"It's a little bit of alien, a little bit of goddess," said Phillipe Blond, chatting with American Express cardholders at a private meet-and-greet in the Amex VIP Lounge at Milk Studios, just after the runway show. They're celebrating their 10th anniversary, David Blond explained, and so "we wanted to take the line to a different place."
Of course, there were still the massive permed wigs and a wind machine to keep things properly ... Blondish. Accessible? Yes. Over the top? Always. (Joseph V. Amodio)
Many designers put a lot of thought into crafting just the right soundtrack for their runway show, but it doesn't get much better than hearing the late great Maya Angelou reciting her poem "Phenomenal Woman." That was the way Prabal Gurung chose to conclude his spring runway show, and it seemed to speak as much to another upcoming collection of his -- more on that in a second -- as to his general outlook on the Gurung customer.
In the poem, Angelou, speaking for the average woman everywhere, talks about how pretty girls sometimes don't quite get how she can be so confident or feel good about herself. She admits, "I'm not cute or built to suit a fashion model's size." But she feels a sense of power in her curves and full-fledged hips. "I'm a woman / Phenomenally."
That spirit was on hand, if not in the models themselves (who seemed standard size 2s and 0s), than in their pace -- Gurung's ladies are strong, walk fast, have places to go -- and the fierce way they owned the clothes. Like the luxe cashmere boucle sweater, yanked off one shoulder. The trousers fluttering with a cuff of ostrich feathers. The various stunner beaded dresses. Or the dresses, tops and skirts slashed to reveal flashes of skin, one electric blue skirt slashed and pinned back together in strips like a car wash curtain.
As for that future collection? Gurung has been working on a hotly anticipated collaboration with Lane Bryant, once again proving that "phenomenal" has nothing to do with dress size. (Joseph V. Amodio)
Time to check Netflix or Hulu for the 1990 David Lynch film "Wild at Heart," which stars a carefree Laura Dern and Nicolas Cage. Joseph Altuzarra had it on the brain when designing his spring collection. With Lynch as inspiration, it's no wonder that the clothes seemed romantic and kitschy, with... something else, a little darker, pulsing just under the surface.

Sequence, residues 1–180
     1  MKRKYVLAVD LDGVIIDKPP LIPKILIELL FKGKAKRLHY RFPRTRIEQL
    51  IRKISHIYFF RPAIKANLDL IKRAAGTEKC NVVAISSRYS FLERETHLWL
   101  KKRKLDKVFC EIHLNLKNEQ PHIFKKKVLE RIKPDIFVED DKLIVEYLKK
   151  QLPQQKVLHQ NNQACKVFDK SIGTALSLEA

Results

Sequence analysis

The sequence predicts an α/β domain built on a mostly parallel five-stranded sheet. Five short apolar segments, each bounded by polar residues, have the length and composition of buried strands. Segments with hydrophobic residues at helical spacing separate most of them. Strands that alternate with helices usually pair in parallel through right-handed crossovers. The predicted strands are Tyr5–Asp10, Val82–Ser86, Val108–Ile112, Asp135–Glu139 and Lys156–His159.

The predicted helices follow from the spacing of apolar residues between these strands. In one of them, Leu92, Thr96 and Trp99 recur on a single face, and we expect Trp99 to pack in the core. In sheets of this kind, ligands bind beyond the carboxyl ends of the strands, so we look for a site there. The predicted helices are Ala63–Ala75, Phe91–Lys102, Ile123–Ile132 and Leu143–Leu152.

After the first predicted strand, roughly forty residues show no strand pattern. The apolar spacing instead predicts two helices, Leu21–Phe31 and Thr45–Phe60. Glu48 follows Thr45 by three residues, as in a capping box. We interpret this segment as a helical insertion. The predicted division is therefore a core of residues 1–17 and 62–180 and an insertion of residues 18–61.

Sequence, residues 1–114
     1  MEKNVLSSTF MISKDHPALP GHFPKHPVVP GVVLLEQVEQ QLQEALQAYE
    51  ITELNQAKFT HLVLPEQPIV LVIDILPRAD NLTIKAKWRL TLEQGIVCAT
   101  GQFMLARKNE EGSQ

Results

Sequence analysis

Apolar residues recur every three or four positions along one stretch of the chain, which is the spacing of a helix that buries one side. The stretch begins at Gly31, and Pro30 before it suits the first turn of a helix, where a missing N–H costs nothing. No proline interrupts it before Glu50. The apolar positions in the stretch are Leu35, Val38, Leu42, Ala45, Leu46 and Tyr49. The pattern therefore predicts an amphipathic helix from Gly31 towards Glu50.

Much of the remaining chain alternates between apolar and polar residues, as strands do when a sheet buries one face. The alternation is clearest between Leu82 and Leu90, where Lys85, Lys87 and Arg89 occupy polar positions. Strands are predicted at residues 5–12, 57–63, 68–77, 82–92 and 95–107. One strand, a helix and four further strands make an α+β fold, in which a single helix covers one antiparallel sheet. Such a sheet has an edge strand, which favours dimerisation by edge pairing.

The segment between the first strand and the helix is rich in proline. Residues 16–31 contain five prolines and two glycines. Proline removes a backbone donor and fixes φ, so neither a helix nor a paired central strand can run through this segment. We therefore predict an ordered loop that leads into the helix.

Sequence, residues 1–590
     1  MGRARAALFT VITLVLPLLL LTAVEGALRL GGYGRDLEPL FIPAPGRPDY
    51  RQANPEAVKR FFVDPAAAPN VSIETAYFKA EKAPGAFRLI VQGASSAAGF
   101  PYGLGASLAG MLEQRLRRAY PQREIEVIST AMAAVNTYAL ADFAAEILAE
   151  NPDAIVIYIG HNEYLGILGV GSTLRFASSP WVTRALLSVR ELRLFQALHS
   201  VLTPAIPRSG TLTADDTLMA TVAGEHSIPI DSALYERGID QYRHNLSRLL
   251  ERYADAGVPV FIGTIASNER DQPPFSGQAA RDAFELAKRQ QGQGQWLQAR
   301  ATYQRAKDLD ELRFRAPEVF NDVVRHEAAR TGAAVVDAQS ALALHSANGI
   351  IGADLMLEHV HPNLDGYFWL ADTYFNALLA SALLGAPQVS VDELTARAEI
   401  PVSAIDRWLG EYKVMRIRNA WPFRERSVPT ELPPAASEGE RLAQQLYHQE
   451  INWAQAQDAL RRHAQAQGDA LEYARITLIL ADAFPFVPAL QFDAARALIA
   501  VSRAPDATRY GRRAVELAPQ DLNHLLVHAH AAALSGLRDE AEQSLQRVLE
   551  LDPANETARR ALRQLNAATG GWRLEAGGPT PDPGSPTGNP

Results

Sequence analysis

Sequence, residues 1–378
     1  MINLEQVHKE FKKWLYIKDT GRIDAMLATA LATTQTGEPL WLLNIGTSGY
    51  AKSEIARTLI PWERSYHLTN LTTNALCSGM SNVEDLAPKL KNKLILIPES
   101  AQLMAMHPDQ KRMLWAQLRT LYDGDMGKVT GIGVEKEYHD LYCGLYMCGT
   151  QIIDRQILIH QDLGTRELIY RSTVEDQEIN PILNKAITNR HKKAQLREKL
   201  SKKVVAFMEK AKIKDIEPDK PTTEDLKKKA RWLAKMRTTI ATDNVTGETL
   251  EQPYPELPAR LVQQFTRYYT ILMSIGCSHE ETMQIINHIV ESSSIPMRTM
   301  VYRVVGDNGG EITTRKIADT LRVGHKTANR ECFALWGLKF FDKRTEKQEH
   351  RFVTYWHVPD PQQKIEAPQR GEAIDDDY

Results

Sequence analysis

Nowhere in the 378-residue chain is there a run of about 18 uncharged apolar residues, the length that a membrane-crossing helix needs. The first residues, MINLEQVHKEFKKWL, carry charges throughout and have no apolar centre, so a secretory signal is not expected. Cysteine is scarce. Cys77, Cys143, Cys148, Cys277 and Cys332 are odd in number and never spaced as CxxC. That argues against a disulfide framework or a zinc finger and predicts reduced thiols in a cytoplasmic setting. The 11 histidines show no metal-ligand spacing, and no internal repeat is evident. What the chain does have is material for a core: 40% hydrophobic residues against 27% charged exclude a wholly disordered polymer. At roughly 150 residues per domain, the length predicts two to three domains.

"I wanted the collection to feel happy, vibrant and erotically charged," the designer wrote in his program, and the clothing obliged. A mix of flirty ruffle dresses in cherry prints, or tougher python, hit the runway. Nipped jackets and slit skirts in gingham seem perfect for lunching with the gals, and those teensy (we're talking major exposure here) "flounce bras" in crepe de chine paired with a ruffly skirt, well, I'm not quite sure where the average woman is going to wear that, but kudos to anyone who tries.
With the cute cherries vs. python, the ruffles vs. those massive hoop earrings, there was almost a bit of a country gal, city gal rivalry going on, but no worries. In this collection, there's something for everyone. (Joseph V. Amodio)
There was nothing morbid about Tracy Reese's "show" set in the New York Marble Cemetery where strewn rose petals created a path from one vignette to another. Real women of all shapes and sizes -- artists, painters, writers -- modeled Reese's cheery spring collection. A dancer wearing a classic Tracy Reese floral twirled around to the sounds of a string trio that played at the event. And speaking of real women... Whoopi Goldberg was in the house. Reese had one mission; "To make all women feel beautiful." Yay! (Anne Bratskeir)
Carmen Marc Valvo
Oh, how refreshing it was to see spring 2017 through Carmen Marc Valvo's eyes. His stylized, pared-down collection featured models made up to look like dolls with giant puffs of hair topped with little girl bows in frocks and gowns that while girlish, were easy to wear.
Silhouettes seemed simple -- dropped waists, empire, bubble -- but Valvo's handiwork was not. Many pieces featured stunning three-dimensional floral embroidery -- even a few bathing suits. The palate was predominately black, white and nude with a few poppy numbers, though they didn't work as well as the rest.
But best of all, most of Valvo's models wore sneakers -- his own design -- that not only looked great, and so modern with the dresses, but everybody wanted a pair. As for the doll theme... he took it to the seats, gifting every guest with, what else? A Carmen Marc Valvo lollipop. (Anne Bratskeir)
British designer Jenny Packham (she's a favorite of the Royals) lined up all sorts of glamor in her Sunday afternoon show and within her 31-look collection, there was something for everybody. For rocker girls who party, there was a formal a gold illusion beaded top with wide-leg embellished trousers, or an uber blinged-out black and gold gown with wide sleeves. A surprising little floral embroidered tulle shorts outfit and a fiery red chiffon mini, with a ruffled hem and blousy sleeves, was just the thing for jet-setting hippie girls. Mothers of the bride and maybe queen mothers will swoon for several satiny pale pink jobs along with an elegant, albeit restrained, auburn skirt and shirt ensemble. But we liked the last gown, an off-the-shoulder Calder-inspired print in black and ivory for the Duchess of Cambridge. Cheerio! (Anne Bratskeir)
Erin Fetherston's spring line is for the woman who doesn't mind flaunting her girly side every now and again. There are plenty of softly flowing peasant dresses, many in pale pink silk. Even her shawl-collar suits, many in a pale silvery gray, were cut for the female form and worn without a top -- just a sexy low-cut plunge. All the looks were ultra-feminine and the dresses were worn with flat sandals -- flip-flops, really -- for a casual, laid-back and unfettered look. No need for torturous stilettos. (Joseph V. Amodio)